By Andrew Hood
Marco Pantani celebrated his 34th birthday Tuesday without much hope of returning to cycling’s elite level. The former Giro d’Italia and Tour de France is 15 kilos overweight and isn’t expected to race this year, according to a report in La Gazzetta dello Sport.
While Pantani won’t officially say he’s retired, his father, Ferdinando, says it’s not likely ‘The Pirate’ will roam cycling’s peloton this season.
“Between 1 and 10 for him to comeback to cycling, I see it as a chance of 1,” the paper quoted the racer’s father. “Marco is a sensitive man and all this has been too much for him.”
Pantani has struggled with form, nagging doping allegations and a lack of motivation since his forced departure in the 1999 Giro d’Italia with elevated blood levels. His hyped comeback last season fell flat when Pantani couldn’t rediscover his winning formula and finished 14th overall in the Giro, his last race of the season.
“Marco has never said he would quit cycling, but it’s likely he won’t race this year,” Pantani’s agent said. “He’s looking for the motivation to continue.”
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Cofidis probe expands
French police have arrested two former riders and one of the team’s soigneur as the “Cofidis Affaire” gains steam in France. Acting on a tip, police reportedly found stocks of amphetamines, steroids and the endurance-enhancer EPO at the home of the 2001 world track champion and former Cofidis rider Robert Sassone when he was detained, AFP reported. Polish cyclist Marek Rutkiewicz, who also left Cofidis at the end of the year, was arrested at Charles de Gaulle airport on Monday when he returned from Warsaw.Also being held is Bogdan Madejak, the Polish soigneur of Cofidis suspected of supplying riders with banned substances. French officers acted after listening to Rutkiewicz’s mobile phone calls from Poland. “We’re investigating a network dealing in EPO and steroids,” a police source told AFP. On Monday, police searched the headquarters of Cofidis in northern France and the office of one of their doctors as part of a doping inquiry, the manager of the cycling team said.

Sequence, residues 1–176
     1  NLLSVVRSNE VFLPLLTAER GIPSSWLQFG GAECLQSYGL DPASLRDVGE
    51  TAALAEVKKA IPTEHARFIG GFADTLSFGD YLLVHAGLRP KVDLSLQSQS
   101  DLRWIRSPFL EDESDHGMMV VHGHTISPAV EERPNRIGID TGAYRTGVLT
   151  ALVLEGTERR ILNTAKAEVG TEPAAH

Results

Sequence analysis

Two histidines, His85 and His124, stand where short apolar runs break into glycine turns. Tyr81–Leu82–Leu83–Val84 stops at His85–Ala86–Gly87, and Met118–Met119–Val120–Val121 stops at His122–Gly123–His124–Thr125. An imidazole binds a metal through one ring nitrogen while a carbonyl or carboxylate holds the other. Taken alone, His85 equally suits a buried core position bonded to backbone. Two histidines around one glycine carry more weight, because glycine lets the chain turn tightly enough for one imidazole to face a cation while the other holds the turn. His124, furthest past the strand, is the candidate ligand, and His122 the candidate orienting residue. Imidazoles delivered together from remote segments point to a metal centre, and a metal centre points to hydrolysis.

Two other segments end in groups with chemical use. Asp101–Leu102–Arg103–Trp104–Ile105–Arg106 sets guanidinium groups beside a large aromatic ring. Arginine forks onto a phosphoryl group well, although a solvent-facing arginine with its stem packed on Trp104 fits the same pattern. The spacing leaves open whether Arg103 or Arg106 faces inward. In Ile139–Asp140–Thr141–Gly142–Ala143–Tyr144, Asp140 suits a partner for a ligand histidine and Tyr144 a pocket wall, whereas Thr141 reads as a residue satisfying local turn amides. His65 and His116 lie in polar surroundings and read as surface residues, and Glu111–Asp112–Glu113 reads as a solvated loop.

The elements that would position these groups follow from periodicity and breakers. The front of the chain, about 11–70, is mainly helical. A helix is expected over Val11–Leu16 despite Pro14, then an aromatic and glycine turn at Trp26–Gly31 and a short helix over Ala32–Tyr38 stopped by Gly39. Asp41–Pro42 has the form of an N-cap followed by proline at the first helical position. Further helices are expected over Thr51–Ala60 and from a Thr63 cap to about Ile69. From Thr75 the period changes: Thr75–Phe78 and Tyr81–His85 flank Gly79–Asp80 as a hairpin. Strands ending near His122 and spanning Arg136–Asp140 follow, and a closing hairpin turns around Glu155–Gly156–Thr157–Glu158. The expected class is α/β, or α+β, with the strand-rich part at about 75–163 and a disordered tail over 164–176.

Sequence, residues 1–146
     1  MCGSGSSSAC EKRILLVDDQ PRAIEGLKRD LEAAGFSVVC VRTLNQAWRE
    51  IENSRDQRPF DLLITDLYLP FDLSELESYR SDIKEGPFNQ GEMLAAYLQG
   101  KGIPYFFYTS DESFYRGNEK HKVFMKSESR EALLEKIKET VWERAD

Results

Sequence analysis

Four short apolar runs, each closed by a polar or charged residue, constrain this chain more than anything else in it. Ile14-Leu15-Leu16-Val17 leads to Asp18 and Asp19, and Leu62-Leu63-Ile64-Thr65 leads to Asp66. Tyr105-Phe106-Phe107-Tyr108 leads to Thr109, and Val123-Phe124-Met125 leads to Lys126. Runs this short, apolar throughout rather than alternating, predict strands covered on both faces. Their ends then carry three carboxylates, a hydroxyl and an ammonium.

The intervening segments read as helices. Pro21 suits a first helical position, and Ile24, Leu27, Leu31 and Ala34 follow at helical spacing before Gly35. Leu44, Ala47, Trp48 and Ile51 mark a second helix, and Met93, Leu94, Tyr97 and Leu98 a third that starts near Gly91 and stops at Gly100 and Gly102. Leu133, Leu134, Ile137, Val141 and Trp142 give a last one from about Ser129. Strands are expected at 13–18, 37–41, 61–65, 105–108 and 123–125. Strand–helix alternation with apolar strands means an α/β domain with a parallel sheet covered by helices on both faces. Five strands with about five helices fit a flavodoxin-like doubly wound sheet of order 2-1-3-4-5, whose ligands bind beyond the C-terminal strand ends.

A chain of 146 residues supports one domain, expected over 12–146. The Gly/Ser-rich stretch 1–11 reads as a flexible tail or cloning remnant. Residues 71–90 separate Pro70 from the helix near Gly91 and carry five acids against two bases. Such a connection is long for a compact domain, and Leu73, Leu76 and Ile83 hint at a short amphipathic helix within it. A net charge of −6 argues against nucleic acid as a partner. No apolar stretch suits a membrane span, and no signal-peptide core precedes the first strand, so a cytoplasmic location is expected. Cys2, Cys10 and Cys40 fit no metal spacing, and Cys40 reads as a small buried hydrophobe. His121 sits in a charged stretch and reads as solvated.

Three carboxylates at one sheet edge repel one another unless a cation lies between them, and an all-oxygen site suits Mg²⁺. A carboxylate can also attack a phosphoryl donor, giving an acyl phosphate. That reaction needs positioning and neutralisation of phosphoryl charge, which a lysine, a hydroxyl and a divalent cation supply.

“The police arrived at 1600 (1500 GMT) on Monday and left our headquarters at 2130 (2030 GMT),” Alain Bondue told Reuters. “They told me they were investigating a case of doping similar to the Festina affair (…) They did not find any banned products but seized the medical files of some our riders in the office of doctor Jean-Jacques Menuet.”
Bondue added that Cofidis had nothing to worry about.
“We haven’t done anything wrong,” he said.
Bondue said the Cofidis riders, which British time trial world champion David Millar, world road champion Igor Astarloa and Australian sprinter Stuart O’Grady, were not interviewed because they were training near Valencia, Spain.
PVP likes Athens
Classics strong man Peter Van Petegem likes what he saw during a recent reconnaissance trip to Athens. The Belgian, who pulled off the impressive Tour of Flanders/Paris-Roubaix last season, said the Summer Games will be his top goal of the 2004 season.”The course suits me perfectly,” the Lotto-Domo rider told L’Equipe. While the road course isn’t completely finalized, a tough climb near the final stretch will prove decisive. The Aug. 14 race is expected to include 17 to 18 laps on a 12km circuit. “A sprint finish is possible, but not with the entire peloton still intact. It’s my last ride at the Olympics and therefore one of the main objectives of my season,” Van Petegem said.